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Report: Brooklyn Police Discussed Ticket Quotas

NEW YORK (1010 WINS/CBS 2/AP) -- A secret recording made in a Brooklyn police station reportedly caught supervisors discussing ticket quotas.

The New York Times says it got the hour-long recording, made by a police supervisor, this week. It says the recording was made during an April meeting of supervisors from the 81st Precinct.

"5 seat belts and 5 cell phones a week, 5 double parkers and 5 bus stops a week."  That was the message that could be heard from one of the tapes obtained by the Times.

CBS 2's Derricke Dennis reports that the tapes contain a top commander, who told supervisors in a meeting last April to lean on officers to write more tickets -- or else.

"Cause after I bounce you to a different platoon for inactivity, the next thing is to put you on paper, start writing you for low standards, and look to fire you. I really don't have a problem firing people. I don't need to carry you," the voice on the tape said.

However, Deputy Commissioner of the NYPD, Paul Browne, said the tapes showed no indication of any wrongdoing or illegal quotas.

"What you're hearing on the tapes, assuming they're valid, is just good management," Browne told 1010 WINS. "These are minimum numbers they talked about, any member of the public if they just walk around the block would see the type of violations in a day never mind the month."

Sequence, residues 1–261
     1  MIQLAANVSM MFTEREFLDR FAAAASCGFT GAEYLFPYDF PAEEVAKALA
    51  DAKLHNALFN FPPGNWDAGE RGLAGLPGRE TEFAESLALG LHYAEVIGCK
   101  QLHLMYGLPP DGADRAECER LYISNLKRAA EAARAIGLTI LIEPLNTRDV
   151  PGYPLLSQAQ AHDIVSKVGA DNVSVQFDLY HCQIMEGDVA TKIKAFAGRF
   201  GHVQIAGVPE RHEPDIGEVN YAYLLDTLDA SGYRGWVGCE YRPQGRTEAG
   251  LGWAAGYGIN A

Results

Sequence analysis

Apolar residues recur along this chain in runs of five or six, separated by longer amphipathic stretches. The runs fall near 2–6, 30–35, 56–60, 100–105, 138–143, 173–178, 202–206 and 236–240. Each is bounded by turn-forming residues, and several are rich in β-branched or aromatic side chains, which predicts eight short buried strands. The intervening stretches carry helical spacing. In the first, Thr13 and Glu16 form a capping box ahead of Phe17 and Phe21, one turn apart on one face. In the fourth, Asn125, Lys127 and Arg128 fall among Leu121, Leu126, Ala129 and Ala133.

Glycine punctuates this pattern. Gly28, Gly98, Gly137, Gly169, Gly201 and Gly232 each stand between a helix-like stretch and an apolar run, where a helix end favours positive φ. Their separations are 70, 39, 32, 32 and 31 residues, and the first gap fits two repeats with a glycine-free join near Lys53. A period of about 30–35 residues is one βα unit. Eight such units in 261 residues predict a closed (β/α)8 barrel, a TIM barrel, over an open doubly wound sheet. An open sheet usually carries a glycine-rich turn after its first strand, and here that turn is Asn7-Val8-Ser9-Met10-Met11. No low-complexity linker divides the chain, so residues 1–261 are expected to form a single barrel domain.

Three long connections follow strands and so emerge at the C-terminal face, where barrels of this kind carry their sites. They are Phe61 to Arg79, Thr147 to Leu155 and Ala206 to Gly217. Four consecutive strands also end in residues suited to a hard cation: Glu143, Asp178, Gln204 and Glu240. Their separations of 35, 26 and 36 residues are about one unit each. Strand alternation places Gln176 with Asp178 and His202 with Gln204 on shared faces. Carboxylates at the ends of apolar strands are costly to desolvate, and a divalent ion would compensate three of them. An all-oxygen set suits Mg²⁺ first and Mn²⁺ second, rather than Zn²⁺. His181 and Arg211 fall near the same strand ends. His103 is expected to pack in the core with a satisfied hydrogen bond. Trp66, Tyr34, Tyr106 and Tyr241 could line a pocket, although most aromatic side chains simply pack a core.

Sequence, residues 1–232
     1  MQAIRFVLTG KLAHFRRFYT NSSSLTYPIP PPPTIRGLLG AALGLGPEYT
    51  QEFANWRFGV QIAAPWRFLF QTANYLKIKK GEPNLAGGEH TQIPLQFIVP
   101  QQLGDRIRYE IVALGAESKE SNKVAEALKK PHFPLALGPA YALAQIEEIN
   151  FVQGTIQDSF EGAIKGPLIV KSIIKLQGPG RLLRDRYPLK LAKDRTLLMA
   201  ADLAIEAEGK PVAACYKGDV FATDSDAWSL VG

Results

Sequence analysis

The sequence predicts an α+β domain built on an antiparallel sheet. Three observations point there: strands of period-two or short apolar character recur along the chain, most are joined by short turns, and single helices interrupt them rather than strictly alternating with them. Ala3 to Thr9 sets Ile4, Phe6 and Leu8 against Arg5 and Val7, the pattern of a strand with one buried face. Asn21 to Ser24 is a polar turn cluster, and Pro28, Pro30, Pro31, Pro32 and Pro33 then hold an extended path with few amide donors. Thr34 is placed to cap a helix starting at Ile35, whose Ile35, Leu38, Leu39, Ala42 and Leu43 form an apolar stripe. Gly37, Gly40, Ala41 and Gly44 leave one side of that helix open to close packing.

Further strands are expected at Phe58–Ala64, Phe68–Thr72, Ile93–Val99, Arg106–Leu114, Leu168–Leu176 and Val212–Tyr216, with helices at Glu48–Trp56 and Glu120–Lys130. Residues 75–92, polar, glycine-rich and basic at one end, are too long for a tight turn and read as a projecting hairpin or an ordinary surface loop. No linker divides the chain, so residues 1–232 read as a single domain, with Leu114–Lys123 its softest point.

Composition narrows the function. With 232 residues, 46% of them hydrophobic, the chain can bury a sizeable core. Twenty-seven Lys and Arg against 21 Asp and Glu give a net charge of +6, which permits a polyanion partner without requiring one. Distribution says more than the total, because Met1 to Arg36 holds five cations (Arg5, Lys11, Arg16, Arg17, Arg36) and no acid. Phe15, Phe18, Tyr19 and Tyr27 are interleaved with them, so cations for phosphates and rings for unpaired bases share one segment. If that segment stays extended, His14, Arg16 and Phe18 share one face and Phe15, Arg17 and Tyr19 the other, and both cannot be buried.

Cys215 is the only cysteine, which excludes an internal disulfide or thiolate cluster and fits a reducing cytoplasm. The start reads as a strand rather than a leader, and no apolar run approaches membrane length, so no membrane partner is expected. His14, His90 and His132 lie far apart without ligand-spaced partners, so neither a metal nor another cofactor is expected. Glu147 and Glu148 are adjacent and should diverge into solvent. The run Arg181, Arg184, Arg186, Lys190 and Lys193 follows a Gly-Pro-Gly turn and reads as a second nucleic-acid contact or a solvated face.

He added that the Times was "clearly confused and wrong" about the discussions on the tape.

"If you're in law enforcement, that means doing things like giving tickets and making arrests," Browne said. "We're looking for some net goal that indicates you're doing your job."

However, New York Civil Liberties Union Director Donna Lieberman said she has long suspected officers were writing tickets to meet certain numbers -- now she says there's proof.

"If its going on with regard to parking tickets, isn't it also happening, and we know it's happening with regard to stop and frisks," Lieberman said.

1010 WINS' Juliet Papa spoke with residents from the neighborhood and some said they believe there is excessive ticketing in the area.

LISTEN: 1010 WINS Reporter Juliet Papa talks with angry New Yorkers

"If you have to do alternate side of the street parking they may come a few minutes before the time is up and give you a ticket," one woman said.

One man said he was given a ticket which was written before the time expired on his muni-meter sticker.

Some Brooklyn residents also said they weren't buying the response from the NYPD.

"It comes a time of the month, where they just go crazy at times," Anthony Bryant said.

"5 minutes in Dunkin Donuts and they were towing my truck," Mildred Mercado said.

The NYCLU said it was considering asking the Justice Department or the state attorney general to investigate the matter.

(TM and Copyright 2010 CBS Radio Inc. and its relevant subsidiaries. CBS RADIO and EYE Logo TM and Copyright 2010 CBS Broadcasting Inc. Used under license. All Rights Reserved. This material may not be published, broadcast, rewritten, or redistributed. The Associated Press contributed to this report.)

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